As a locum tenens hospitalist, I have worked at hospitals across the US, from upscale suburbs to rural areas.
And during those positions, I have seen patients and their families struggle through the maze of the US healthcare system. It can be a challenge to know what to do, whom to ask, and how to get the best experience from hospitals.
Here are my 5 best tips on how to advocate for yourself and your loved ones when you are being treated in the hospital.
1. Communicate Openly
By far, the best thing you can do as your own advocate is to be honest. Express your concerns; share your fears.
You are an expert in your symptoms and conditions, and the physician is an expert in matching those symptoms to a diagnosis.
We need the full story to really serve you well. Learn more about how to help your doctor help you.
2. Ask Questions
Too many times, patients are almost afraid to ask questions, as if they’re bothering the doctor by asking them. If you don’t ask us, we won’t know what you want to know.
Sometimes, like any other professionals, doctors start to talk the “lingo,” and we may assume that you understand what we’re talking about.
If we’re over your head, let us know and we’ll make sure that we explain things until you understand. It’s that important.
3. Be Prepared
When the doctor comes to your hospital room, we have a limited amount of time to spend with you and your family.
Be ready for us.
If you can, write down your questions ahead of time. Have your paperwork and records ready if you want to share them with us.
Put them in priority order so that you are ensured you will have the time you need to discuss them. Lists are good.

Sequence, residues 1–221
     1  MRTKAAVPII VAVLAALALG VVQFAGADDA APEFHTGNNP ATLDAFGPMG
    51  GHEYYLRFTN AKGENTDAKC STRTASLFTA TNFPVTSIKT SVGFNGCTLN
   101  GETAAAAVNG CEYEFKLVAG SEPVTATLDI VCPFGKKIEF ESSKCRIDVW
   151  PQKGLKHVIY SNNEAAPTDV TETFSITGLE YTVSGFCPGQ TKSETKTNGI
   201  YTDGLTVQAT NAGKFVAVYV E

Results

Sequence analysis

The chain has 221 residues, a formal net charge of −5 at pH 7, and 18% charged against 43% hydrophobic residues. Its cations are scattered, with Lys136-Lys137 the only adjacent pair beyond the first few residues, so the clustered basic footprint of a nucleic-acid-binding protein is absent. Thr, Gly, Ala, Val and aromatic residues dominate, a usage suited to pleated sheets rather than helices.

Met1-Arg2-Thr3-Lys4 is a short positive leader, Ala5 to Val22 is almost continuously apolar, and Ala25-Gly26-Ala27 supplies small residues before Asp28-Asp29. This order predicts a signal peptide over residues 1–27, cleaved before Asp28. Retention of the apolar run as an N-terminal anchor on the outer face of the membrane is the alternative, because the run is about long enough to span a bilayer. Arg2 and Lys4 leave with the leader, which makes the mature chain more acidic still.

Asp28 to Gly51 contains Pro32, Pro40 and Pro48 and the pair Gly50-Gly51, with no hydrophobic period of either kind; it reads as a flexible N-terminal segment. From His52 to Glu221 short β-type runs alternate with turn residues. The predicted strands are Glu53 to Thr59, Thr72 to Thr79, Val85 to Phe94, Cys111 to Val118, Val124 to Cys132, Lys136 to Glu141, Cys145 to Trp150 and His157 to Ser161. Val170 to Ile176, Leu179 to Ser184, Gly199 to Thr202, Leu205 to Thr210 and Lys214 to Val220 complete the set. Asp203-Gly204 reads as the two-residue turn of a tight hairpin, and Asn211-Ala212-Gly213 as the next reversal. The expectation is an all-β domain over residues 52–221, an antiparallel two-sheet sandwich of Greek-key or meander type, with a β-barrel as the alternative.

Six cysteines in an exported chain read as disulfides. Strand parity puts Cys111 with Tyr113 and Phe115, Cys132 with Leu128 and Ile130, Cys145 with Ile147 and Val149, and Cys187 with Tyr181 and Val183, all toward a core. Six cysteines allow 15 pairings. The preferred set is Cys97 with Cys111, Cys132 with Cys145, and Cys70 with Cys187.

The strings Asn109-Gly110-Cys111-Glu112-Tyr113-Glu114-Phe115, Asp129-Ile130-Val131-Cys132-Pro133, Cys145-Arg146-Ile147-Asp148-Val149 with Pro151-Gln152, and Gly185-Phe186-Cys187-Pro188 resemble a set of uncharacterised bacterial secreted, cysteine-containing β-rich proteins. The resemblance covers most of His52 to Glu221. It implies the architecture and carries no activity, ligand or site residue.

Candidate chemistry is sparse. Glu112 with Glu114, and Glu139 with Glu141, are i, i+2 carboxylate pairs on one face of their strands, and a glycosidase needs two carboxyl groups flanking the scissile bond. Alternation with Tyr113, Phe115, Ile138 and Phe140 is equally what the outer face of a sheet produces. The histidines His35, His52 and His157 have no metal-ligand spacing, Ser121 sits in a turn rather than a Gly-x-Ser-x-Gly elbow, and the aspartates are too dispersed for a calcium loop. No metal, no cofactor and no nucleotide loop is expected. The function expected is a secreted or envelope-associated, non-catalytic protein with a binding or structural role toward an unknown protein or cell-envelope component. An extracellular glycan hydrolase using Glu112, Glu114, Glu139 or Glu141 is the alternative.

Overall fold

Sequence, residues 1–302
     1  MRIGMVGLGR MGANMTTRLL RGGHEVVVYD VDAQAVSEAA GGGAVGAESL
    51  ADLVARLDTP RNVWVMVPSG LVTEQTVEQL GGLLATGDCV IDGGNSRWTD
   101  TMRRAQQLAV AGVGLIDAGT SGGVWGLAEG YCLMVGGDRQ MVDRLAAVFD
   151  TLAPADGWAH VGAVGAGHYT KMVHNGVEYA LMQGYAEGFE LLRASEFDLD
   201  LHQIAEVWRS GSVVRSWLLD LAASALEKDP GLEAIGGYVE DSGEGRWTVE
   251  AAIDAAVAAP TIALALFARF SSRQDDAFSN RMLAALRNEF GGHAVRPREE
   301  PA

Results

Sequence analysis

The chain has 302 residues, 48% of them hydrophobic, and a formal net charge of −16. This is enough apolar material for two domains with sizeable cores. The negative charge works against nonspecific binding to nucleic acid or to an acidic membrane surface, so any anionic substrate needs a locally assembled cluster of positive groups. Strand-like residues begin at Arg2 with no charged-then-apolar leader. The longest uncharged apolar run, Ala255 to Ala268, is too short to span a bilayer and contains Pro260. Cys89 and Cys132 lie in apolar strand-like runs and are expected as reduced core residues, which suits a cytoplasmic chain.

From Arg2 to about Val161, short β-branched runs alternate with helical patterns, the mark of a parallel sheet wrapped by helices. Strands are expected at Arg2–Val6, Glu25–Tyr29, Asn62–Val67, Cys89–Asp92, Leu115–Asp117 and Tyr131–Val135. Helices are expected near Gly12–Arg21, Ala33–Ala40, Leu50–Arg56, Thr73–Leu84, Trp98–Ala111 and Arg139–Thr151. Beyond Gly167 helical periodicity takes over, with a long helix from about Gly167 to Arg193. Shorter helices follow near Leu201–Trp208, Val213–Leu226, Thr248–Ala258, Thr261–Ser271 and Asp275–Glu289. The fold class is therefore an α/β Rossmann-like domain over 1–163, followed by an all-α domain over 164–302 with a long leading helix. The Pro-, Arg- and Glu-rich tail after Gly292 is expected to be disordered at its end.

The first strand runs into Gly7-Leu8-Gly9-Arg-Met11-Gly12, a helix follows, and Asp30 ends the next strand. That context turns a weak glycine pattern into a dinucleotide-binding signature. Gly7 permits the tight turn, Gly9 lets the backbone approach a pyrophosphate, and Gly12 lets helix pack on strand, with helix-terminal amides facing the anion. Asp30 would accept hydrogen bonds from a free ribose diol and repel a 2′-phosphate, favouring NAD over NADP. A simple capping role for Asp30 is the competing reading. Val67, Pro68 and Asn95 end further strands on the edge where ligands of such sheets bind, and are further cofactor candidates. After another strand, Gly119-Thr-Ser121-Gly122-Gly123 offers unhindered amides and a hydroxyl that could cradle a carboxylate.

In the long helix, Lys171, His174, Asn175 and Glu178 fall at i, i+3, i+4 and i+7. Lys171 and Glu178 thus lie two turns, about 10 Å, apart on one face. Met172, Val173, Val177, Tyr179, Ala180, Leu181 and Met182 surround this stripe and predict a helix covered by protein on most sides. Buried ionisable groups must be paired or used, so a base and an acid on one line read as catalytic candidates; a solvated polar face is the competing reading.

4. Educate Yourself
There are so many resources readily available for patients these days.
Look for credible websites and research your symptoms and questions, both before and after speaking to your doctor. Often times the website of the medical facility at which you’re staying will offer links to credible resources to help you and will frequently have print materials available as well.
We appreciate educated patients, but don’t accept for fact everything you read online, as some of it isn’t credible.
Do research yourself and then ask us. Trust me, we want to answer your questions and make sure that you have all of the facts regarding your condition.
5. Check the Doctor’s Credentials
There’s absolutely nothing wrong with asking a physician how many similar procedures we’ve completed, how many patients we’ve treated, or what our success rates are.
As an informed patient, you need to know about yourself and your medical team. A confident physician will have no trouble providing the information you request.
Whether you’re dealing with a full-time hospitalist or locum tenens hospitalist, you owe it to yourself to be an active participant in your medical treatment plan. Remember, we’re here to serve you!